The organizers of of course know this—this is the 3rd in a series of blogs, the first asking precisely what philosophy of religion is. My point, though, is the answer I give to the question for this blog depends on the one I gave to the first…. I don’t expect the reader of this blog to be familiar with that one; as a summary, it was that the key concept—religion—needed to be understood in very broad, flexible, and, perhaps ironically, vague terms. Largely as a result of collaborations I’ve had with those who describe themselves as scholars, not philosophers, of religion, I have come to regard philosophy of religion more as a branch of philosophy of social science (particularly, following Kevin Schilbrack, as philosophy of religious studies) than as an autonomous or sui generis discipline. Much philosophy of religion, what I tend to call traditional philosophy of religion, has tended to equate religion as such with ‘world views’ or belief systems—already a mistake as religions, when appreciated in the concrete rather than the abstract, include much more varied phenomena, including practices, norms, social institutions, laws, etc. Worse, it has overwhelmingly tended to equate it with a particular type of belief system, namely Eurocentric abstract monotheism. By privileging ‘belief’ as the central form that religious phenomena take, what has been taken to count as philosophy of religion has likewise been narrow and, in my mind, unnecessarily limiting and skewed.

And so I finally get to the heart of the start of my answer to the blog question: philosophy of religion is the philosophical study of religion as such, and any a priori delimitation of the very concept of religion built into that study will detract from it achieving excellence. The fundamental value of excellent philosophy of religion, I submit, is an openness to continually rethinking the content of its own subject matter. The so-called ‘new atheism’ of people like Richard Dawkins and, yes, even the philosophically astute Daniel Dennett, is hamstrung by its inability to see religion in any term other than as oppositional to science, and hence writes it off as irrational superstition. The ‘new atheism’ does not constitute, in my mind, excellent philosophy of religion. Other approaches, perhaps certain forms of theology, may err in the other direction by overemphasizing the task of understanding or making rational sense of religion to the extent of making it immune from critical challenge. Some of the ‘grand theories’ of religion of the past—e.g. Marx, Freud, Frazer—tended to see religion almost exclusively as something that needed to be explained, by which they usually meant explained away, by reference to something else (economics, psychology, proto-science). Excellent philosophy of religion likewise does not presume any a priori task with respect to its subject matter. To do so is to limit its conception of its subject matter. Each of interpreting, explaining, and critiquing religion and religions can constitute quite philosophical activities, and all the more excellent ones when no one task is supposed to be preeminent.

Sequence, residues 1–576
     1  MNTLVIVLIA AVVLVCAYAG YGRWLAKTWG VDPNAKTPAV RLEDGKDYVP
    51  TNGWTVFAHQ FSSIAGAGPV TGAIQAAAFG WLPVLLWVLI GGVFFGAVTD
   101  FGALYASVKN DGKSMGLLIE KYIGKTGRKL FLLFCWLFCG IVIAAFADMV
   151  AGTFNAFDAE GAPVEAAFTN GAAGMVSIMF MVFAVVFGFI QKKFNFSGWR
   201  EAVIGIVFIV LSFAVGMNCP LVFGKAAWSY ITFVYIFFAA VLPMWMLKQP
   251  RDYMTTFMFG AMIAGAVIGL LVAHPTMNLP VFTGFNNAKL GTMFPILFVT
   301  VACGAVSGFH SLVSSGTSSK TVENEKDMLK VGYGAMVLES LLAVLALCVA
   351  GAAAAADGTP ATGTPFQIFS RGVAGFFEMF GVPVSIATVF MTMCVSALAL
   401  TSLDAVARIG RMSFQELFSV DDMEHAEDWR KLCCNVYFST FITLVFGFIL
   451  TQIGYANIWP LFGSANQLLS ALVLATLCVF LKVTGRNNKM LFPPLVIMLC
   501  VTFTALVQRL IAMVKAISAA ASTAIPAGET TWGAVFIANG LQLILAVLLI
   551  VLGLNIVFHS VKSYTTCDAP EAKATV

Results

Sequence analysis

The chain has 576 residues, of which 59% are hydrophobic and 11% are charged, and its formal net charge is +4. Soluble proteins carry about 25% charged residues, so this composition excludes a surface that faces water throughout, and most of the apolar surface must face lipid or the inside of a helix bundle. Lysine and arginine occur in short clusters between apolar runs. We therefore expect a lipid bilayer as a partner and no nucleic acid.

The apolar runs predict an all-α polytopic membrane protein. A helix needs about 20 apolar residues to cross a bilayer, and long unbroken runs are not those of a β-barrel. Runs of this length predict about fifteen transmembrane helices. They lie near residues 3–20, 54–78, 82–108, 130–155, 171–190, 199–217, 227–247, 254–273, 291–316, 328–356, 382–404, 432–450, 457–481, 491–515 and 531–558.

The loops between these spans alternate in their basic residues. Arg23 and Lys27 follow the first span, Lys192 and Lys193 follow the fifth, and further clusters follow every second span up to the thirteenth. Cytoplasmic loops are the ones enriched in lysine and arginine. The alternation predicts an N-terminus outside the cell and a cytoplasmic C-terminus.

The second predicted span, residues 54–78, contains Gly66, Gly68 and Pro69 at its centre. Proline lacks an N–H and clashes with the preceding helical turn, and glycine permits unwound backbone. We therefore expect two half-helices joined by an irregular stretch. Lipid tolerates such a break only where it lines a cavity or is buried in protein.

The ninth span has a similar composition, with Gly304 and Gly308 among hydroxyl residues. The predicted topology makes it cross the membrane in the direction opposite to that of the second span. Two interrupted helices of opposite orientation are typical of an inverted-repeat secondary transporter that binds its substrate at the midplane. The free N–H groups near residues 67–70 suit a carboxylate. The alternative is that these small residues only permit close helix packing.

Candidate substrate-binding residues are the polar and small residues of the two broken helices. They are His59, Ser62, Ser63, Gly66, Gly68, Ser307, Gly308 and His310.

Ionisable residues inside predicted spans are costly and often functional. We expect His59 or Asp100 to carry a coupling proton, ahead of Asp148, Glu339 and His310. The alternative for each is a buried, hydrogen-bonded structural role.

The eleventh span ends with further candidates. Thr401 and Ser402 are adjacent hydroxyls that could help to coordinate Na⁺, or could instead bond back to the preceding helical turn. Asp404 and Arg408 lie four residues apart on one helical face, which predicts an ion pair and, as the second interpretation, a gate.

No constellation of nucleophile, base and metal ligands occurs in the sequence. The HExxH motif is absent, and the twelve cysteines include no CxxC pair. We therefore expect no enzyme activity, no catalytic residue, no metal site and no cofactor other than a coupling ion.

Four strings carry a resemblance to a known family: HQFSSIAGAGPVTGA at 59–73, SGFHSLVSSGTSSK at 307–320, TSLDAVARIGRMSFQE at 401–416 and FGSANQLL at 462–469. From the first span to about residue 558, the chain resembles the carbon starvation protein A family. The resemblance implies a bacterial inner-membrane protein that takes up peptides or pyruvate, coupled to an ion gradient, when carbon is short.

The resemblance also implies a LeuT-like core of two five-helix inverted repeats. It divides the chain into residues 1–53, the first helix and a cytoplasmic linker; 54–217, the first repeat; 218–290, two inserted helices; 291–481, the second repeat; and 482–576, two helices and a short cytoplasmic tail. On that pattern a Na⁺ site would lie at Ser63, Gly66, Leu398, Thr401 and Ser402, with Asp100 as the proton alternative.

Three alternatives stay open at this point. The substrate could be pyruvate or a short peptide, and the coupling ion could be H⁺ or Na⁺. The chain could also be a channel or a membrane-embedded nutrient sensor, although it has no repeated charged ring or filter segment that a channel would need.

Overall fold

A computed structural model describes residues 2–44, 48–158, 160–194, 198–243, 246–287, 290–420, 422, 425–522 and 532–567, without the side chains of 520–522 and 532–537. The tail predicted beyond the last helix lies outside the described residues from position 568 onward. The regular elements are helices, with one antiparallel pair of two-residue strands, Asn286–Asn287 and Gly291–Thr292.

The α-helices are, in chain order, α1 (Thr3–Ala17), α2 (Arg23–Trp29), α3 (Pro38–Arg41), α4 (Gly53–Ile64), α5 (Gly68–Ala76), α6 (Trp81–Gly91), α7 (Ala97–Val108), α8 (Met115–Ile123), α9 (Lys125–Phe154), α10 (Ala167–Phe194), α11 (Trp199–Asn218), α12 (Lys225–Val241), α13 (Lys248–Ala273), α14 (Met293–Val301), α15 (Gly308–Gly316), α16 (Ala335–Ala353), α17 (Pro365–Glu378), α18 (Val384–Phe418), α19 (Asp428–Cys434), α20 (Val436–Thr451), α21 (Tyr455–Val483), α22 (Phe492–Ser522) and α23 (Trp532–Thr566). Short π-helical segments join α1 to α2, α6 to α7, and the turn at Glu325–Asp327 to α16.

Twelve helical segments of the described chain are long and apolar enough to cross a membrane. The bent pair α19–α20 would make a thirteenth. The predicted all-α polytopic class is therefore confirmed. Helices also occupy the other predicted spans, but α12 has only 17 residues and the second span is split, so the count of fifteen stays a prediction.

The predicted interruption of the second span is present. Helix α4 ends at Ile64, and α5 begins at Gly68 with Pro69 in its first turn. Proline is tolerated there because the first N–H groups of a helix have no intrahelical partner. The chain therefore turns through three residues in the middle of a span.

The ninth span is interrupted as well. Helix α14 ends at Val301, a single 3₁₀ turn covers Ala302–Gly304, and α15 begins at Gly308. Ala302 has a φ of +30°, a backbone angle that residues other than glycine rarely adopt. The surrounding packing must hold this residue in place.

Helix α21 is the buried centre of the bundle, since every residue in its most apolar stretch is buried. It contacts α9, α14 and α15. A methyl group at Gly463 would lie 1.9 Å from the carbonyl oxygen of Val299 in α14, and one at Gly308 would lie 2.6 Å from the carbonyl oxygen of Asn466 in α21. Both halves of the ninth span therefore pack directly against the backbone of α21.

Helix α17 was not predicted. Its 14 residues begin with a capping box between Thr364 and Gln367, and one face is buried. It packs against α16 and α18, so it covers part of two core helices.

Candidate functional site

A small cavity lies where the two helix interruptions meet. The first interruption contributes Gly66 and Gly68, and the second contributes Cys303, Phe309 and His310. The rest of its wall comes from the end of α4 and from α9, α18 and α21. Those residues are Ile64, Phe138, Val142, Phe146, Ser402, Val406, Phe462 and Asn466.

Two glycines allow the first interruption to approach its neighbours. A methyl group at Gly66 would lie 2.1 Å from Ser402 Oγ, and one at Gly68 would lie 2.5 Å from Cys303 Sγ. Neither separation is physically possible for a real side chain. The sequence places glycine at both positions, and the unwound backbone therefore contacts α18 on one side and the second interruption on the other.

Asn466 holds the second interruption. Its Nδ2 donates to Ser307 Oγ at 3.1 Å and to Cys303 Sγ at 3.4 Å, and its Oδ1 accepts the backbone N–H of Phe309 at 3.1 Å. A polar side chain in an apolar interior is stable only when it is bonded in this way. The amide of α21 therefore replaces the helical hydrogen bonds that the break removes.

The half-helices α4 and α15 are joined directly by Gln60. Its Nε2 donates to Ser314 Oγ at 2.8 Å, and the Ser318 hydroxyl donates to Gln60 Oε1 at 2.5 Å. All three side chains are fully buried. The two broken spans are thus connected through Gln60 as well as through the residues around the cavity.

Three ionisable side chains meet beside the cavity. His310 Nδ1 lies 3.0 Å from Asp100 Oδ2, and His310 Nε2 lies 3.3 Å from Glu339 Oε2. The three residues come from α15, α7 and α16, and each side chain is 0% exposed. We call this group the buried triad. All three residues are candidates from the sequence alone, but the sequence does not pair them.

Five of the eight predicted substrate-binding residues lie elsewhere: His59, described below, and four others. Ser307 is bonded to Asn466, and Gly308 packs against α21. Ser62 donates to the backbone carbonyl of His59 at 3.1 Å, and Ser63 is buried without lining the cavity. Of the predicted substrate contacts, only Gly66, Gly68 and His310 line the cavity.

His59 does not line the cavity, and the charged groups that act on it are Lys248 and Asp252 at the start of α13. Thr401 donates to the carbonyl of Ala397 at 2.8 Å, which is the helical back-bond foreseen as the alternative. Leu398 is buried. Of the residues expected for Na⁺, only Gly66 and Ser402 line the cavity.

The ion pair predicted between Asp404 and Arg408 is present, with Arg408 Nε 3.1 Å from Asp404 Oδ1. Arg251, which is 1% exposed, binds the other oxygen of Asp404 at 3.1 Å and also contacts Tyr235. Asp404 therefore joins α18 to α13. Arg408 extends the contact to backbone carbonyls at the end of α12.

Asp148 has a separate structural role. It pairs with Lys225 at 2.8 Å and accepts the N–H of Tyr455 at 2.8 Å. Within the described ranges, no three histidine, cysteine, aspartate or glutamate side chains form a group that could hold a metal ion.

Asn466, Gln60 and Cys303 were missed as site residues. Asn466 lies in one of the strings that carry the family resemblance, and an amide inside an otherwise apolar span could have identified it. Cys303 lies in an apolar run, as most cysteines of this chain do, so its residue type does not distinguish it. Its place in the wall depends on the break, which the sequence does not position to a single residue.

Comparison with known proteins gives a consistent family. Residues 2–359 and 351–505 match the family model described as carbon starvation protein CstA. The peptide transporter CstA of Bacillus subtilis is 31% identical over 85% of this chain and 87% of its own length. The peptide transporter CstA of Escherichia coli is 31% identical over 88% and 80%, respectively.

The danger with what I have argued is that it is so open-ended, so vague, as to be practically useless in terms of functioning as genuine norms or values. I agree that the concept of religion, i.e. the conception of the very subject matter of philosophy of religion, cannot be entirely unconstrained. Here I lean heavily on what my colleagues in the social scientific study of religion have to say. The best place to start is not some conception of religion in the abstract, but rather with the full particularities of religions on the ground. And so my final value of excellent philosophy of religion: an openness to see the philosophical study of religion as coextensive, continuous, and intersecting with other academic studies.